Stroke Care: The TPA drug use debate

Author: Ivanhoe Newswire
Published: Updated:

About 87 percent of all strokes are ischemic, meaning they’re caused by a blood clot in the brain. For over 20 years, the standard of care has been a drug called TPA. But now, some doctors are questioning whether TPA is the best bet for patients.

When it comes to a stroke, time is brain. TPA, the only clot-busting drug approved to help lessen the damage has to be given within three hours.

But, research shows not everyone who arrives to the hospital on time receives TPA. In fact, up to 30 percent of stroke patients who are good candidates for the drug don’t get it. The reason? Some doctors are skeptical, saying studies showing it worked were flawed and the drug poses a risk of bleeding.

George J. Shaw, MD, University of Cincinnati College of Medicine, says, “Even if it’s given properly, about six percent of people will have bleeding in the brain just from the TPA. I’ve seen that a couple of times. It’s never good. It’s always bad.”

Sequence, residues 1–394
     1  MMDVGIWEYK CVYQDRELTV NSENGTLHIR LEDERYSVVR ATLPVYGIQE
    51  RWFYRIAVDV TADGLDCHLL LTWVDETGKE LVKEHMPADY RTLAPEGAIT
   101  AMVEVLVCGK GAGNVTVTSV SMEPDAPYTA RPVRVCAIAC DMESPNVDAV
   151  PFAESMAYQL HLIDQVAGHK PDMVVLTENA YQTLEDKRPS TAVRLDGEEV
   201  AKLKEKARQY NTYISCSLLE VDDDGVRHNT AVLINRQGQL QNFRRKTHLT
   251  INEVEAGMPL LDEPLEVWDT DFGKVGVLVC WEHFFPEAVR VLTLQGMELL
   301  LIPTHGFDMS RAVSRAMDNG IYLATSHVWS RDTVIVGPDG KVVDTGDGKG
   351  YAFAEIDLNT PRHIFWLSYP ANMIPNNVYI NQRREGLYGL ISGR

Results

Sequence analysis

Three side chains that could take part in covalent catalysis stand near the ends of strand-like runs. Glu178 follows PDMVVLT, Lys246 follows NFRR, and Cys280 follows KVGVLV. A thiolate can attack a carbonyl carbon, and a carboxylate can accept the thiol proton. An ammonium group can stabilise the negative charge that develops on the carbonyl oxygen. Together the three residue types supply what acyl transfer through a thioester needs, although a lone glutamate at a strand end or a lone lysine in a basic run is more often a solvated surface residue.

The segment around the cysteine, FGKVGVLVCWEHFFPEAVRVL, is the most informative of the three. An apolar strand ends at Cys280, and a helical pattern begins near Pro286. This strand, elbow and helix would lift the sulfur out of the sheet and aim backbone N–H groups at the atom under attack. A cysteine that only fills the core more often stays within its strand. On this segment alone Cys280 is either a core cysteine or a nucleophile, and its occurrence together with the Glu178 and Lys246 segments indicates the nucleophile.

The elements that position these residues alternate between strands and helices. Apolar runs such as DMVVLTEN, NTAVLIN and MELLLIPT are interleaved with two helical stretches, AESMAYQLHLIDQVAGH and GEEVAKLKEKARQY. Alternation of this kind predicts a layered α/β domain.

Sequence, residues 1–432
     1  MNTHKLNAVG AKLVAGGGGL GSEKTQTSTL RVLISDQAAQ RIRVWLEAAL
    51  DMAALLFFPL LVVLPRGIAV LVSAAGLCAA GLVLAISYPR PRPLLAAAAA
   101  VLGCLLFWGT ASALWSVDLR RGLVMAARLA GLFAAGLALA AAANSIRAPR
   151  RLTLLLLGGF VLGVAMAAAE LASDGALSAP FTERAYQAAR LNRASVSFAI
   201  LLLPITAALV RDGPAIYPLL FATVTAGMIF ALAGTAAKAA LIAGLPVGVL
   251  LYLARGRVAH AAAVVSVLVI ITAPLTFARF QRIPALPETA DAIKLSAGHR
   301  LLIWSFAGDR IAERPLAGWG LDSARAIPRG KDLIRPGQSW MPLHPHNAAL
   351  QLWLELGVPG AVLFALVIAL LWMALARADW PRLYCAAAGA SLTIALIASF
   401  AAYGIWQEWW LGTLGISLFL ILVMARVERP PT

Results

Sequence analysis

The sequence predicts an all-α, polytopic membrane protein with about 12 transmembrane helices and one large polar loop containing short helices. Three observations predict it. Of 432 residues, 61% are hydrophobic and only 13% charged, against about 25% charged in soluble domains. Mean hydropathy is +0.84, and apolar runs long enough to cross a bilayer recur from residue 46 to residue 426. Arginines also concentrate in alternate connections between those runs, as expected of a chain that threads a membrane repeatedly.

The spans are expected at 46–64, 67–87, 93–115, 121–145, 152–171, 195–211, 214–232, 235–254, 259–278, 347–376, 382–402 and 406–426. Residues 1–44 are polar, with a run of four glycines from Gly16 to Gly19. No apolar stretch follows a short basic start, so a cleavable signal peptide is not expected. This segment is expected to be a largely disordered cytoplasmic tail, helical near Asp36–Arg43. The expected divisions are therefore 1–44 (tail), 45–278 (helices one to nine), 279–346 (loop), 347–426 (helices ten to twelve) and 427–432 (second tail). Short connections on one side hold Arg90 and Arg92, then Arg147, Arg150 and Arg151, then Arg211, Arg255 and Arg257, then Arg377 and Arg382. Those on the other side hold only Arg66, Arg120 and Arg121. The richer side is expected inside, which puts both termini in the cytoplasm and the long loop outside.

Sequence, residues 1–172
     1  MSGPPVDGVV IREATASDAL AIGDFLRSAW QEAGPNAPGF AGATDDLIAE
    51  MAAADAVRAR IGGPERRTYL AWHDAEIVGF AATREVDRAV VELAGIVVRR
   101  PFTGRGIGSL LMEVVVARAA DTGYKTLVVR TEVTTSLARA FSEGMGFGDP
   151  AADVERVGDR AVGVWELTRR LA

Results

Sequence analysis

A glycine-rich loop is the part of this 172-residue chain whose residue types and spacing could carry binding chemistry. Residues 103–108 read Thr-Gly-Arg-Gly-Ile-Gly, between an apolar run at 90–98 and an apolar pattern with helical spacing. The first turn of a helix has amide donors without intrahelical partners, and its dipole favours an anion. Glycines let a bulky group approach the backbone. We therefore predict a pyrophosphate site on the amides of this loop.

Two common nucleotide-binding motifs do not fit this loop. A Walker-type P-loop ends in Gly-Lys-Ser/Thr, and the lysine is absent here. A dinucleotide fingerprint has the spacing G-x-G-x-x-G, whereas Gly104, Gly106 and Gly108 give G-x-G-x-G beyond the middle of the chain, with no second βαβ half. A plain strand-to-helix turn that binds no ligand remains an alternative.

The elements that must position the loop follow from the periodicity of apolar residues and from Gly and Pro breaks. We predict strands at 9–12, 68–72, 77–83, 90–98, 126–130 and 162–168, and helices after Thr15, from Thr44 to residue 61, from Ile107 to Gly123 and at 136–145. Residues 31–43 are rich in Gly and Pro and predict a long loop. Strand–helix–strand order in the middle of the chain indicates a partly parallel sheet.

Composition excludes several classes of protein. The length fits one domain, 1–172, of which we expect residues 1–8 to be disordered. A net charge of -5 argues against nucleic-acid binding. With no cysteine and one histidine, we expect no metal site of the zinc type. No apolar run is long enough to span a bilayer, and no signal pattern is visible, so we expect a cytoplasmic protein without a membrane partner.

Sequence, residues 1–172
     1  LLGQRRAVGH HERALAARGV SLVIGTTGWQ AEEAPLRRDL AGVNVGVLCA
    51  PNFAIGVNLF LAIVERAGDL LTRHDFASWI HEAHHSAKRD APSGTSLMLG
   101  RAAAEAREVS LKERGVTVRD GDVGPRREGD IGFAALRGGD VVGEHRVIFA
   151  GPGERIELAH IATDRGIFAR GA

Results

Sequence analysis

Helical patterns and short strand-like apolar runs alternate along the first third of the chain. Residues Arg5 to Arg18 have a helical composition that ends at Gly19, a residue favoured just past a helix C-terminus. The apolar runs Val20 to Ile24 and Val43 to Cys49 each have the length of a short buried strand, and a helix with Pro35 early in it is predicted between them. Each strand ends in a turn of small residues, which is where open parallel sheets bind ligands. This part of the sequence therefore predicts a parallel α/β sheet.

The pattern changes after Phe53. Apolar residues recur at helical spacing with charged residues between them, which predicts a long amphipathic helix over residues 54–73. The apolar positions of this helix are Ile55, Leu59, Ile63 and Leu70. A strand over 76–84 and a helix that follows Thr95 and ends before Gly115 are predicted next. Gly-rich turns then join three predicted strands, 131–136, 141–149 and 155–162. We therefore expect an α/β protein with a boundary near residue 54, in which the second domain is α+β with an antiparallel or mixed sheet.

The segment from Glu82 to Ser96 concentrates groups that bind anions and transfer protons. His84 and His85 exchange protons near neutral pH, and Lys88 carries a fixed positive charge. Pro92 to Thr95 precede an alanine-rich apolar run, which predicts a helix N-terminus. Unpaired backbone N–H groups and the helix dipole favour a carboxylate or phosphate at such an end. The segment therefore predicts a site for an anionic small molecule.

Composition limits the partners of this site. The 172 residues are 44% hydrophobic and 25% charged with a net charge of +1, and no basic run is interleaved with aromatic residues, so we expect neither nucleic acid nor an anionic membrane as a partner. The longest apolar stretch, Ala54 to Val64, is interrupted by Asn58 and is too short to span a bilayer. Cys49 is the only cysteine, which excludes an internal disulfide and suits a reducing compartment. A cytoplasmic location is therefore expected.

Still, the American Heart Association and the American Stroke Association strongly endorse the use of TPA in appropriate patients, calling it the “gold standard.” The landmark research that first brought attention to TPA happened more than 20 years ago. And since then, other studies have shown its benefits in reducing disability after stroke.

“About 1/3 of folks, if you look at them six months after their stroke and if they’ve gotten it tend to do better neurologically than those who haven’t gotten TPA,” continued Dr. Shaw.
The bottom line? TPA might be the only treatment for stroke, but it’s not one without risk.
Some doctors who disagree that TPA is the best treatment believe it’s better to let a stroke just run its course. They’re calling on more studies to prove the benefits outweigh the risks when it comes to TPA.

Contributors to this news report include: Julie Marks, Producer; David Harrison, Editor.

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